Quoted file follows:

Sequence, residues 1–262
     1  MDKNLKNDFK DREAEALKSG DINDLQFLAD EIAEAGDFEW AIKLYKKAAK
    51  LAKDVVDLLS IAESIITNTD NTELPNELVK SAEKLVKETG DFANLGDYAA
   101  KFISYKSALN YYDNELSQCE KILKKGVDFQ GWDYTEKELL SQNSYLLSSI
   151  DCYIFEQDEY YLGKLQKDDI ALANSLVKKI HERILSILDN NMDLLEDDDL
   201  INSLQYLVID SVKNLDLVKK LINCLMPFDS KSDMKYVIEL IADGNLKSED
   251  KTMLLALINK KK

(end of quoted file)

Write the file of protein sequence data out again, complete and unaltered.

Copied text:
Sequence, residues 1–262
     1  MDKNLKNDFK DREAEALKSG DINDLQFLAD EIAEAGDFEW AIKLYKKAAK
    51  LAKDVVDLLS IAESIITNTD NTELPNELVK SAEKLVKETG DFANLGDYAA
   101  KFISYKSALN YYDNELSQCE KILKKGVDFQ GWDYTEKELL SQNSYLLSSI
   151  DCYIFEQDEY YLGKLQKDDI ALANSLVKKI HERILSILDN NMDLLEDDDL
   201  INSLQYLVID SVKNLDLVKK LINCLMPFDS KSDMKYVIEL IADGNLKSED
   251  KTMLLALINK KK